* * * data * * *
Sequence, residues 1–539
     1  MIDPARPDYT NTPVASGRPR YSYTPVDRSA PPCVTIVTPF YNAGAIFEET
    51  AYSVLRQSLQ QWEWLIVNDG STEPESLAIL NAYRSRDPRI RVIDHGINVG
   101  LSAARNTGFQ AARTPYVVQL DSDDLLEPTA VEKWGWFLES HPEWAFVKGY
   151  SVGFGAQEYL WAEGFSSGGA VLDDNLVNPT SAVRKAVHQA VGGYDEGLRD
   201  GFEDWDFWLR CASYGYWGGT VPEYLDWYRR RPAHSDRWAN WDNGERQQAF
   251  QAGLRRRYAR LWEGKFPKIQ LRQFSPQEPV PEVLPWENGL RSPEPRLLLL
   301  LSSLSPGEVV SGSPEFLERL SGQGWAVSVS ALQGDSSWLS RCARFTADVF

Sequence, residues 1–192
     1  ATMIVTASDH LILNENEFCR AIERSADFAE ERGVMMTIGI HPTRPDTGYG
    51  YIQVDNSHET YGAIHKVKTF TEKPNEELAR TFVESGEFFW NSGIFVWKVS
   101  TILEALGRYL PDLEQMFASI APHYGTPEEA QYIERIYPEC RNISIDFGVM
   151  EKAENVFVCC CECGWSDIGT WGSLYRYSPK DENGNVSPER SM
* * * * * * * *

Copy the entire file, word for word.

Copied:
Sequence, residues 1–539
     1  MIDPARPDYT NTPVASGRPR YSYTPVDRSA PPCVTIVTPF YNAGAIFEET
    51  AYSVLRQSLQ QWEWLIVNDG STEPESLAIL NAYRSRDPRI RVIDHGINVG
   101  LSAARNTGFQ AARTPYVVQL DSDDLLEPTA VEKWGWFLES HPEWAFVKGY
   151  SVGFGAQEYL WAEGFSSGGA VLDDNLVNPT SAVRKAVHQA VGGYDEGLRD
   201  GFEDWDFWLR CASYGYWGGT VPEYLDWYRR RPAHSDRWAN WDNGERQQAF
   251  QAGLRRRYAR LWEGKFPKIQ LRQFSPQEPV PEVLPWENGL RSPEPRLLLL
   301  LSSLSPGEVV SGSPEFLERL SGQGWAVSVS ALQGDSSWLS RCARFTADVF

Sequence, residues 1–192
     1  ATMIVTASDH LILNENEFCR AIERSADFAE ERGVMMTIGI HPTRPDTGYG
    51  YIQVDNSHET YGAIHKVKTF TEKPNEELAR TFVESGEFFW NSGIFVWKVS
   101  TILEALGRYL PDLEQMFASI APHYGTPEEA QYIERIYPEC RNISIDFGVM
   151  EKAENVFVCC CECGWSDIGT WGSLYRYSPK DENGNVSPER SM